The house didn’t come with a garage, which was so dilapidated the city required it to be torn down before the property could be sold. Building a new detached garage myself was the first major solo handyman project I’d ever taken on. Growing up, I was put to work on many of my Dad’s projects, and paid whatever the going child-labor rate was at that time. But this project was my own. One weekend, my dad drove from Houston to Austin to visit and to give me a little help on constructing the garage, which at that point was about 90% completed. We ended-up in a disagreement about where to add a side door. Yo! This was my garage, my project; I could put the door wherever I wanted. Though, I did have totally valid reasons for wanting to put it along the east wall. My dad simply disagreed for his own set of reasons.
Once he knew he wasn’t getting his way, my dad released one final expression of his frustration and anger by quickly throwing something that wasn’t there at the ground with both arms. He didn’t crinkle up and start crying, but something about his quick and jerky movements reminded me of the temper tantrum you might see from a 3 year old. Now when I think back to all the hundreds of times my dad stormed out the back door after fighting with my mom, slamming it loudly behind him, I see a child unaccustomed to not getting his way.
One time he slammed the door as our cat was crossing from outside to in. The final two inches of Towie’s tail was severed in the exchange. I am thankful this incident with the cat occurred prior to my birth. Towie, with the oddly shortened tail, was the cat I grew up with. He was my earliest best friend and the comfort I sorely needed to counterbalance a house too often filled with turmoil and tension.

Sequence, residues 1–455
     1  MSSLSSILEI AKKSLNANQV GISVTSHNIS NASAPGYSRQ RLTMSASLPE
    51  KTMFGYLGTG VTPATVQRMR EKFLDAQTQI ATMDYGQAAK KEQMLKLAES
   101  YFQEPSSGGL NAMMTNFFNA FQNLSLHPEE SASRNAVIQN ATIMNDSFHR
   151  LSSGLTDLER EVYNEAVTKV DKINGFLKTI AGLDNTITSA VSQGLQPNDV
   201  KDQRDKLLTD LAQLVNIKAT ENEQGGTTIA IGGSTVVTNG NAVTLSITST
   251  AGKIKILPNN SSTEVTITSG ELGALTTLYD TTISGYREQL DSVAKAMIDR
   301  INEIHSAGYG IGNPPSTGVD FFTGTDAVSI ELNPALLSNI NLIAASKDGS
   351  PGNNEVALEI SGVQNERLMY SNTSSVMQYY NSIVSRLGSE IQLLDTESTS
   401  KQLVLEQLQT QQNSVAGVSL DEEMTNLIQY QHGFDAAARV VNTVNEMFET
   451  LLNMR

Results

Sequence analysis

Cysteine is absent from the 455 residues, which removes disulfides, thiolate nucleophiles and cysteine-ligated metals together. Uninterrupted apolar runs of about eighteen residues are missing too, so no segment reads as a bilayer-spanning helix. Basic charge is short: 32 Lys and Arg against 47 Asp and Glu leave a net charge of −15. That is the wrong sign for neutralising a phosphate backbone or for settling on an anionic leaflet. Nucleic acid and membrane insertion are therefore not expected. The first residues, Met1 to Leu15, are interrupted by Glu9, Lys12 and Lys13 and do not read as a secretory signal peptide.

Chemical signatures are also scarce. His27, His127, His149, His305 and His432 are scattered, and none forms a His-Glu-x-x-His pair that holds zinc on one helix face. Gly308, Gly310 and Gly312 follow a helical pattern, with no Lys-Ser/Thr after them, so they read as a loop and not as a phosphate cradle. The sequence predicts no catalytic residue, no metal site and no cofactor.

You Knew Who He Was Talking To
As hard as I try, I simply cannot figure out how my dad ended up so horrendously bad at parenting. He was a smart guy. How did this happen? I have to conclude he must have become the parent his own father was- stern, no nonsense, sit-up straight, no-elbows-on-the-table, and it’s May I, not Can I. In one of the few reflective conversations I ever had with my father, relatively near the end of his life, I asked him what his father used to call him when he was a kid. Was it Bobby, Bob, Robert, Rob, Robby, or some other endearing nickname, like Bobberino? My dad thought for a moment and said he didn’t remember his father calling him anything in particular. “When he looked at you…” my dad mimicked a serious face, like a bird of prey spotting a field mouse, “…you knew who he was talking to.”
My dad almost never talked about his father. That tiny glimpse into my grandfather’s personality was all I had to go on. However, if the apple indeed doesn’t fall far from the tree, I grew up seeing much more of my grandfather than I ever deserved.
Patty Ann and Nancy
One solid clue to my mom’s permanently broken heart came out quite randomly when I once asked her to name the one person in her life (besides her mother) she’s been closest to. She responded with a name I’d never heard her say before in my life- Nancy McFaddin. Super-puzzled, I asked, Who’s Nancy McFaddin? My mom tells me that her and Nancy were best friends from between about 8 and 12 years old. That’s all she said. It took me a couple of years to piece together the bigger picture. Here it is….
At 13 years old, my mom (known then as Patty Ann) left for school one morning… without a clue she would never see her own mother again. When she came home that afternoon, strangers were going in and out of her house. She was told her amazing mother, the closest, dearest, most loving person ever in my mom’s young life, had died suddenly….of a brain aneurysm, she learned later. The strangers helped my mom gather up a few belongings before sending her to live with an aunt. [I told that story previously as part of an excellent earlier post, Smoke ‘em If You Want to Live. It’s relevance here is even greater.]